How are esrogim graded? Does color, size or aroma matter? What about the pitam?

1. What makes a kosher esrog?
Before we even look at an esrog we need to know first that:
– it was not grown from a tree (or be descended from a tree) that was grafted. Grafting means that a branch from one tree (say an esrog), is inserted into the trunk of another one (e.g. a lemon). Even grafting an esrog to an esrog could be problematic.
– it must not be stolen.
– the various agricultural mitzvos are upheld such as the restriction of fruit in the third and fourth year of the tree’s growth, as well as (if in Israel) the separation of tithes and the observance of the sabbatical (shemittah) year.
– it is a certain minimum size. According to most opinions this is 100g, although other hold that even 58g is acceptable. There is no maximum size. Esrogim can grow to many pounds.
– the esrog has a reliable pedigree (yichus) and has been obtained from a reliable source.
– there are no parts of the esrog that are missing, for example a piece of skin, the stalk or the pitam has broken off after picking (see below).
– there are no disqualifying blemishes such as black spots in the upper part of the esrog.
– the esrog is an acceptable color. Very dark green is not acceptable.
– the esrog must be edible (if pesticides have been used to the point that the esrog is inedible, this is a problem – see below).
For a more comprehensive discussion of the kashrus of an esrog (as well as the other species) I recommend three books:
Halachos of the Four Species by Rabbi Yechiel Michel Stern (Feldheim)
The Lulav and Esrog Handbook by Rabbi Hadar Margolin (ArtScroll)

Summary of Halachos of the Four Minim by Rabbi Shimon Eider (Feldheim)

2. What if the pitam is missing?

It is a common misconception that the esrog must have a pitam. All fruit start off with a pitam. It is what remains of the female part of the flower.  Once the flower has been fertilized in almost all fruit, the pitam withers, dies, falls off, usually leaving a brown scar. In many esrogim, the pitam does not wither but remains. If the pitam withered naturally, then the esrog is perfectly kosher, according to almost all opinions. If however it was removed because of damage just before, or after picking then according to everyone the esrog is pasul (invalid). It is possible to distinguish between the two circumstances.

Having a pitam is considered by many a hiddur (beautification), or a necessity borne from a tradition. Many people prefer that the esrog does not have a pitam to avoid the problem of it being damaged. Most of our Orthodox customers prefer to have an esrog without a pitam. We prefer to ship pitamless esrogim to avoid the chance of a broken pitam arriving just before yom tov and having little ability to replace it in time.

Because there is a demand for esrogim with pitams, commercial farms actually spray the fruit when it is just forming with a special plant hormone that results in the pitam staying on the esrog.

3. How are esrogim graded – size, color, aroma?
Other than meeting minimum size and color requirements, esrogim are not graded or priced based on size or color.  Many people prefer smaller citrons as they are easier to hold during Hallel and while making the hoshanos circuits around the synagogue throughout the seven days of succos (excluding shabbos).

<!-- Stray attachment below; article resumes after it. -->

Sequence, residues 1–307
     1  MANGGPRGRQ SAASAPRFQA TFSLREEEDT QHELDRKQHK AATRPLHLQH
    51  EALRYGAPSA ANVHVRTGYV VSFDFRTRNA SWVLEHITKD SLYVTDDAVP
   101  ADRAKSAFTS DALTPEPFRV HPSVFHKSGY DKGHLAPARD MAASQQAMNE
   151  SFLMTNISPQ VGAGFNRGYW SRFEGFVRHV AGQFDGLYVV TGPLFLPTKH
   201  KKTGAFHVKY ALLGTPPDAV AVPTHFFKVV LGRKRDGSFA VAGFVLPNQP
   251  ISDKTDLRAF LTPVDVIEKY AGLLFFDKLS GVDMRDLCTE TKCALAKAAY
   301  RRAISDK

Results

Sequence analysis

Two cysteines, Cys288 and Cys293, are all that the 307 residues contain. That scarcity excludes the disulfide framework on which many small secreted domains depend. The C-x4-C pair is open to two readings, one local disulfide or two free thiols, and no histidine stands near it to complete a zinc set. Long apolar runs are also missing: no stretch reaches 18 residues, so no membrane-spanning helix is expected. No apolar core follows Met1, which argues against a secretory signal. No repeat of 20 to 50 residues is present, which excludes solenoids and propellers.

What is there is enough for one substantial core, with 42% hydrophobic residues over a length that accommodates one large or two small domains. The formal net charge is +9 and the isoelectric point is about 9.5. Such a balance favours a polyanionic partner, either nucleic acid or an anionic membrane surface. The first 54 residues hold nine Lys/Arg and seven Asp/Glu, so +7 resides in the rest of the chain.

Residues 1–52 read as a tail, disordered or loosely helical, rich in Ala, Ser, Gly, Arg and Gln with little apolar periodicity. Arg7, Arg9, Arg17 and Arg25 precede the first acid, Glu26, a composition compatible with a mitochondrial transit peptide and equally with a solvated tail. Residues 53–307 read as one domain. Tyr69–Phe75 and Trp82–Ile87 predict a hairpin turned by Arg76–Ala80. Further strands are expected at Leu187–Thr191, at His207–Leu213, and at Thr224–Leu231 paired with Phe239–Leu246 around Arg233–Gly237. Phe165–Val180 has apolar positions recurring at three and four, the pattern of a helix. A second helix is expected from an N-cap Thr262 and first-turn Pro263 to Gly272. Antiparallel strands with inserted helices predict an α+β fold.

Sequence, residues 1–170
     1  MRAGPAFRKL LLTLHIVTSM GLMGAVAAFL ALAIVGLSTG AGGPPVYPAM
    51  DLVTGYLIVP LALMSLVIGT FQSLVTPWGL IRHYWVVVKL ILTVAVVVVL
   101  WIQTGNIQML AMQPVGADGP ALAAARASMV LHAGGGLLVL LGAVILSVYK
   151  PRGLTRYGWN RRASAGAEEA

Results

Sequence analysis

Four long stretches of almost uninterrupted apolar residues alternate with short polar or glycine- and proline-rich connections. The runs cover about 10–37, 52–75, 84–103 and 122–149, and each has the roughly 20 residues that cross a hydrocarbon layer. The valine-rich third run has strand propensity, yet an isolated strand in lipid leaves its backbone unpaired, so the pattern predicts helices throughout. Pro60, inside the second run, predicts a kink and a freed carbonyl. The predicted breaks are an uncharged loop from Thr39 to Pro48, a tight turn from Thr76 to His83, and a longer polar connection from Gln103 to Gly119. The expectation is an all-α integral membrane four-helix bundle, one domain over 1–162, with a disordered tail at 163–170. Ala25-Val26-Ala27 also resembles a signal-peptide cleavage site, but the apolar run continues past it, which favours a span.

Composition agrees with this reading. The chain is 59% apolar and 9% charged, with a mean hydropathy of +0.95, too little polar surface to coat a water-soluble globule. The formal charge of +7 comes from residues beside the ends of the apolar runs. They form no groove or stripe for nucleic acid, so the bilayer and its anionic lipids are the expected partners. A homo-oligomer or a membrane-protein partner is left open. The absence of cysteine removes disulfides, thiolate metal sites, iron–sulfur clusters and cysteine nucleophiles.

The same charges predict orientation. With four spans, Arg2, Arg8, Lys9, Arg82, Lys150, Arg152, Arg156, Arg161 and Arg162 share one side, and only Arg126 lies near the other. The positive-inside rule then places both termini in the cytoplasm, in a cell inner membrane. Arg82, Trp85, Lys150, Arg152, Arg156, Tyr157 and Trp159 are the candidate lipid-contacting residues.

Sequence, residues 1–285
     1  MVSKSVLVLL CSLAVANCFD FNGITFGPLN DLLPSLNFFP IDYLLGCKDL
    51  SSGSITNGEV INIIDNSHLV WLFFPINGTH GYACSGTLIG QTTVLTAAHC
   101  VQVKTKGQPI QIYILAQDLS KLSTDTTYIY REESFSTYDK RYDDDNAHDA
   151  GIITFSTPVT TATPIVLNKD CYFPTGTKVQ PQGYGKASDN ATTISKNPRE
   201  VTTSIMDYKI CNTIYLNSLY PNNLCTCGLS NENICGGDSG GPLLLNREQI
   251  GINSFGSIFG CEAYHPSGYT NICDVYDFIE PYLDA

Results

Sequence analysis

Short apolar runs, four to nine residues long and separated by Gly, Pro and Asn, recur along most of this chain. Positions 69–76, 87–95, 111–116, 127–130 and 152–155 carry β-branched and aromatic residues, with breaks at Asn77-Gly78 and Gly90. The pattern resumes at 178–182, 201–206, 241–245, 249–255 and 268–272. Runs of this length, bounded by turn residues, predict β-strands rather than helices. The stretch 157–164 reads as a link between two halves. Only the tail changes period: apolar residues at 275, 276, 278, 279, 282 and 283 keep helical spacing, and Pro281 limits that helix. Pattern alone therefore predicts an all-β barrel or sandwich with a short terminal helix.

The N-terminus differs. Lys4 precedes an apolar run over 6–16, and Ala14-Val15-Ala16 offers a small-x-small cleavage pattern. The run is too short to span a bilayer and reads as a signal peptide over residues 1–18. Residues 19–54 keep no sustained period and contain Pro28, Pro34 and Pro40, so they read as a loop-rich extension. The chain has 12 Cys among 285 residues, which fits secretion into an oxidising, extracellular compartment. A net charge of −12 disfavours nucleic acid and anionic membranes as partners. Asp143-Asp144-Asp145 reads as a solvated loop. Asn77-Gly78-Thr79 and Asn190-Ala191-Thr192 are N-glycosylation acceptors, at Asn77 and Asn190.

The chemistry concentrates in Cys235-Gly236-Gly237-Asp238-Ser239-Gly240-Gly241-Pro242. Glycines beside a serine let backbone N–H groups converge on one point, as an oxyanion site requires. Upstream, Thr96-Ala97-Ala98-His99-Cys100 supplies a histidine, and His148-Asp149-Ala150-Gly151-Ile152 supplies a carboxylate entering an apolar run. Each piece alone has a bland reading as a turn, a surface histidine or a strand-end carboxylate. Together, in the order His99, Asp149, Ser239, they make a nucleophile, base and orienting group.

A somewhat green, green-yellow or yellow esrog is preferred. Some people like one that is slightly green as a more yellow (particularly a very golden yellow) is more likely to discolor after much handling. If the esrog is too green for you, you can place it in a brown paper bag with one or two yellow or red apples which emit a gas that cause the esrog to ripen and turn more yellow.
We do not grade esrogim for aroma as it has no halachic significance. The riper the esrog (i.e. the more yellow or golden yellow), the more aromatic it will be. If all you want is an esrog to decorate the succah table and emit a nice fragrance, but will not use for the mitzvah, we usually have some nice large, yellow (and less expensive!) esrogim that you can use for this purpose or to make jam or schnapps.
Much like diamonds, what governs the grade and value of the esrog is the number, size, type and position of blemishes, beyond any that invalidate an esrog.  We do encounter large, yellow, esrogim with pitams but they have so many blemishes that they are graded lower than smaller, non-pitamed esrogim that are “cleaner” and not nearly as good in quality as those we have supplied to our customers for about 18 years.
We use etrogim from suppliers with whom we have long standing relationships and whom we know to supply high quality etrogim that well meet the standards of our Ultra-Orthodox, Orthodox, Conservative and Reform customers.
Our experience is that our grading is typically one to two grades higher than other sellers on a price-to-price basis, meaning that the grade we sell at a certain price would cost $20-30 more elsewhere. The sets that sell elsewhere for about $50 are often kosher but on a post-facto basis, meaning that they often rely on leniencies relating to judging borderline types of blemishes. We would sell those sets for a child under the age of 12/13, as they are permitted to recite a blessing over such an etrog. An adult should not if there is better fruit available.
All the etrogim we send out are checked for kashrut and quality.
4. Why is a blemish-free esrog important?
There are many reasons for wanting an esrog with as few blemishes as possible. One is that we want to beautify the mitzvah of lulav and esrog. Another reason is that by seeking a less-blemished citron, having just emerged from Yom Kippur, we wish to show how blemish-free we wish our neshamat (souls) to remain/ become.